A "grim" new report has outlined just how badly New Zealand has fared against other countries when it comes to productivity.
On average we work 2.3 hours more a week than people in other OECD countries, and produce 20 percent less, according to the Productivity Commission's new report, Productivity by the Numbers.
The biggest driver of economic growth here in Aotearoa is simply just more people working, accounting for about half the rise in GDP over the last few decades.
In 1870, we had one of the highest per-capita economic outputs in the world, the report shows - but have since fallen well behind Australia, Canada, Ireland, Korea and the United States.
"We don't stack up very well," Productivity Commission chair Ganesh Nana told Newshub. "One of the key numbers that really is a little bit grim is we're working longer than everybody else, but producing less. That's not great."
We work on average 34.2 hours a week, compared to the rest of the OECD's 31.9. For every hour, we produce on average $68 of output - 20 percent less than the average of $85.
"That's a pretty sobering thought that we're working harder but getting less for it," said Dr Nana.
"Think about what we could do with that," Milford Asset Management senior analyst Frances Sweetman told The AM Show.
"We could pay people more with it, pay more tax with it, we could fund more public services, we can invest it in technology and protecting the environment. It's meaningful."
Sweetman says it's partly because two of our biggest industries rely heavily on low-wage labour.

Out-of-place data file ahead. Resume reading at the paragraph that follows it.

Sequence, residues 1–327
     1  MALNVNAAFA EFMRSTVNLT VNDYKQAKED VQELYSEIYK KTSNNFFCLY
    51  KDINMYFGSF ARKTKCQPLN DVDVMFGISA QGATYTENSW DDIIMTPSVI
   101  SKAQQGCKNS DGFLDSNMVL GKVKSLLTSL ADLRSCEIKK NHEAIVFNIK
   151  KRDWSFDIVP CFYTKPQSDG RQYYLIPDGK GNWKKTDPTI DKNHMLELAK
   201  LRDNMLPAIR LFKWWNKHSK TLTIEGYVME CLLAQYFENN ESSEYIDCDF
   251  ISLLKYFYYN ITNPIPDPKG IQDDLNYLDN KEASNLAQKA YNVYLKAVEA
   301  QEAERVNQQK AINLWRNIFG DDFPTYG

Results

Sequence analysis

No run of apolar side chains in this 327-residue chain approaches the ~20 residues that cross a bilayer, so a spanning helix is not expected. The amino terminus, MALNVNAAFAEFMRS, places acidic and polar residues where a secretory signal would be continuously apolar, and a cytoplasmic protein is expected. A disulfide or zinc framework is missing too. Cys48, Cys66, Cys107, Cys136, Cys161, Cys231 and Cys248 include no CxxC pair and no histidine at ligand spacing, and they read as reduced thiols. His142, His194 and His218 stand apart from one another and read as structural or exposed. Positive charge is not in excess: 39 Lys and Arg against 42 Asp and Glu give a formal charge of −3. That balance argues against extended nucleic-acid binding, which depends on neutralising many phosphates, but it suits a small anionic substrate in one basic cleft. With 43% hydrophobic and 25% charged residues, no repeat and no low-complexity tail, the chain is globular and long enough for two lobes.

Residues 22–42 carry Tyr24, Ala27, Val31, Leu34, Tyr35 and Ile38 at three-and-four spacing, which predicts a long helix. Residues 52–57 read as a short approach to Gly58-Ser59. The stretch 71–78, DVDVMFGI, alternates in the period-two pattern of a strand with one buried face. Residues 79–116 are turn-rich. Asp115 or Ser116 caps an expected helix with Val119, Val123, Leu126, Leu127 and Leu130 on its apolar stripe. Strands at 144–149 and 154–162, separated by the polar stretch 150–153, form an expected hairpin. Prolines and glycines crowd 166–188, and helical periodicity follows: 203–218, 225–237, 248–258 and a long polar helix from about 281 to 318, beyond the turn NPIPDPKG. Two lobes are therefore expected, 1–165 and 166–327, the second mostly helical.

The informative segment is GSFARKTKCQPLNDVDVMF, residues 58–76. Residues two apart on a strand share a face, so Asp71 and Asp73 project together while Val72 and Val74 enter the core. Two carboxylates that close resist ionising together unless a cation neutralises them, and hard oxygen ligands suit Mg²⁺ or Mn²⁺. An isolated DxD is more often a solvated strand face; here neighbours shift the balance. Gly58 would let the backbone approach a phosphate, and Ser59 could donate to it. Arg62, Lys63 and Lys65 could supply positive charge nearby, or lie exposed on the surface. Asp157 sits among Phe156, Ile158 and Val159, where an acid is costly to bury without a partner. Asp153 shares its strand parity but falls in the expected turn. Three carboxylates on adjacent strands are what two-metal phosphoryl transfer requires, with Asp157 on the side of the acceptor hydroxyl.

"Our economy has quite a high proportion of agriculture and tourism, and they are just simply less productive, more labour-intensive jobs. The productivity gains in agriculture have been quite impressive over the last 20 years, but can we make more productivity gains in the industries that we're already in?"
Dr Nana says innovation is key to increasing output without working harder.
"We had good examples last year of just how quickly we can change the way of doing things - whether that was working from home or working without having to contact people. We need to learn from that... rather than going back to normal, going back to pre-COVID ways of doing things, because the world has changed."
In the past, productivity has typically increased during times of upheaval and technological change - for example in the post-war era, and the 1990s as the internet made its way into workplaces.
While growth has slowed in most countries since the global financial crisis, including New Zealand, our performance in the decades before then was well behind most other OECD countries.
Looking at our hourly output and number of hours worked, we're closer to the likes of Turkey and Greece than we are Australia, Canada and the US. And despite working a similar number of hours a week, we only create half as much economic output as the Irish.
Workers in most high-output countries such as Germany, Sweden, Norway and Denmark, work 15 to 20 percent fewer hours than Kiwis.
Simply working harder isn't enough, says Sweetman.
"What has driven a lot of our productivity growth over the last decade or longer is working more, instead of working smarter. So actually, we are cracking the whip a lot more, but that does have wellbeing implications."
"It's not about people working longer or working harder - it's about working smarter," said Dr Nana. "I don't think it's just workers- it's all of us together, we've all got our role to play."